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I'm trying to determine the divergence angle of light from a single lens that is completely illuminated by a high power LED.

Most optics textbooks only deal with imaging optics and I'm having a hard time wrapping my head around what happens when I don't care about the image on the focal plane - this is for a non-imaging application (I'm just projecting the light), and I just want to be able to determine the spot size at any distance.

The LED will not necessarily be at the focal point of the optic (though it will be along its axis). Furthermore, the LED isn't a point-source, as its size is approximately $\frac{1}{10}^{th}$ of the focal length of the lens.

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1 Answer 1

Determine = design or measure?

A dark-ish room, a white piece of paper and a ruler should do for a bright LED. Modelling it accurately, especially if the LED has a plastic lens built-in and you don't know the precise details of the die position, is trickier.

If the LED has a builtin lens then about the best you can do is just match the angle coming out of the led to a lens size and put the LED at the focal point (actually just beyond the focal point is better)

enter image description here

But since your lens isn't a single point you will end up with something like this - because the edges of your LED can't both be at the focal point.

enter image description here

See http://alumnus.caltech.edu/~leif/infratag/lens_choice.html for details - it's specifically about IR leds but that doesn't matter.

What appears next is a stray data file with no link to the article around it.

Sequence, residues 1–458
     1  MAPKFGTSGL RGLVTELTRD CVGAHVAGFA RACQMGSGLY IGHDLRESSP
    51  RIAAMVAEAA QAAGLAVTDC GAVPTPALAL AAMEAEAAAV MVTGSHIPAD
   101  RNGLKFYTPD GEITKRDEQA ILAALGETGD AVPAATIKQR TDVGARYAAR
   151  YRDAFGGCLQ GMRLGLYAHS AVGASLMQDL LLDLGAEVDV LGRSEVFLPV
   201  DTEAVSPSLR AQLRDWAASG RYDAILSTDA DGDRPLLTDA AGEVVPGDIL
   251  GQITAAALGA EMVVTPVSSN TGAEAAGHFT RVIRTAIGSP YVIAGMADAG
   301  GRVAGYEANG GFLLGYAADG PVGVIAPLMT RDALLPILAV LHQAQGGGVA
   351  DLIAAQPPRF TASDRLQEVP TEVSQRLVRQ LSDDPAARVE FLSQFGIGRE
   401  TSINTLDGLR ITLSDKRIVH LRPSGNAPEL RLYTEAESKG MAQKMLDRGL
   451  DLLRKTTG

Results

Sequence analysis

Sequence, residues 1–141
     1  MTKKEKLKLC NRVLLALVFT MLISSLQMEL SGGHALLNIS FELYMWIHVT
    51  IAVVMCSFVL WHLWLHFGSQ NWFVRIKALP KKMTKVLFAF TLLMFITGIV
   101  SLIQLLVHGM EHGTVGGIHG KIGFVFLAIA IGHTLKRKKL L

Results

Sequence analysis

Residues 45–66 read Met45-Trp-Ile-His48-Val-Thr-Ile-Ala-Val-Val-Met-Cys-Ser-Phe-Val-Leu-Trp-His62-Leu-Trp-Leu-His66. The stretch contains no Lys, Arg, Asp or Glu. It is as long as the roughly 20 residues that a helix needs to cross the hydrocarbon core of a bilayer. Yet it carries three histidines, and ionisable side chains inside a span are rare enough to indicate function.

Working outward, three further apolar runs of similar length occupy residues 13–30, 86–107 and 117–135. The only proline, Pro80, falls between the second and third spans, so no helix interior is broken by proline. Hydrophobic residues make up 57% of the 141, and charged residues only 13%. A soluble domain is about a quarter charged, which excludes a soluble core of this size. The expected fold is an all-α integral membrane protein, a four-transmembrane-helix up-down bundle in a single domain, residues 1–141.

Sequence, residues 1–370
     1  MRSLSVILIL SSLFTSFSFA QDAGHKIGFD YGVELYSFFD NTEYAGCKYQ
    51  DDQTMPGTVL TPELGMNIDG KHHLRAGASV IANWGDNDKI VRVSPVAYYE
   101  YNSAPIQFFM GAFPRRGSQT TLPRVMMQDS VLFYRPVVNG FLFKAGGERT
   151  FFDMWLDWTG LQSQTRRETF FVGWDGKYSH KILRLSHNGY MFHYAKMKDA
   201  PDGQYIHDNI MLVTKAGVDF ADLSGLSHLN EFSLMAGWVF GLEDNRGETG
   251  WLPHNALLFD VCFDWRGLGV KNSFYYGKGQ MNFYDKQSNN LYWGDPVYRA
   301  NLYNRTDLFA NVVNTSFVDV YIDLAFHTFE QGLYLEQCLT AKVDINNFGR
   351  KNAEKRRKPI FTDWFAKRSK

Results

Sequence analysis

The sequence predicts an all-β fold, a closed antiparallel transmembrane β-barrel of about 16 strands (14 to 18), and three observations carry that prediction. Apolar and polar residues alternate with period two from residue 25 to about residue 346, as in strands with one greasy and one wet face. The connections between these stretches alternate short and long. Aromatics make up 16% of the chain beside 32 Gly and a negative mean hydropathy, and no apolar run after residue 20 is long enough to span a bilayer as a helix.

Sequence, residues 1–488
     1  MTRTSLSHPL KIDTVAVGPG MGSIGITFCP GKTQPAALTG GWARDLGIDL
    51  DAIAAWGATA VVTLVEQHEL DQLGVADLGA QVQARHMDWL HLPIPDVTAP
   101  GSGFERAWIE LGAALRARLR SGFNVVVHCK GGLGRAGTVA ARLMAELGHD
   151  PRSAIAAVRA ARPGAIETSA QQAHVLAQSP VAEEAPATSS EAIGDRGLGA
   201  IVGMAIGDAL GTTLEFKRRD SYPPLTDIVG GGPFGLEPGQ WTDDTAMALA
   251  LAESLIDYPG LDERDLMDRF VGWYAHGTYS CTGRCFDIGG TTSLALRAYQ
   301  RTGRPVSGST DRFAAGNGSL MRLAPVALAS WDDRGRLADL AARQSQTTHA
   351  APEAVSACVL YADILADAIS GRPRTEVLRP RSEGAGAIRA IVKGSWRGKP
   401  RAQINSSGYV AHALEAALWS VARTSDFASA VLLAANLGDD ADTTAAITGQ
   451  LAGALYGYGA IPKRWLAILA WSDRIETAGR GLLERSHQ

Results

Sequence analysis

edit: for free space optical comms. If you can choose the LED then a bare surface mount device with no built-in lens is much closer to a point source. A longer focal length will give the best colimation - for experiments a 500mm camera mirror lens or telescope is a good start

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I'd like to model it to determine the optimum placement. This is for optical communication and I need to balance light capture from the lens vs. the divergence (and capture at the receiver). I have pretty good measurements of the die and power spread from the LED itself, but I want to estimate how much the beam will diverge given various placements and single lens arrangements. –  gallamine Mar 24 '11 at 20:18
    
Newport also has a similar (albeit more helpful) article on this: newport.com/store/genContent.aspx/Focusing-and-Collimating/… –  gallamine Mar 25 '11 at 14:13
    
Thanks - was looking for the melles-griot or edmunds online but couldn't find anything useful –  Martin Beckett Mar 25 '11 at 15:13
    
+1 for the edits. Good answer! –  Andrew Mar 25 '11 at 15:32
    
Have you got access to an optical design code? Zemax is expensive, I think there is a freeware version called FRED that will handle this stuff in no time... –  Nic Mar 25 '11 at 17:15
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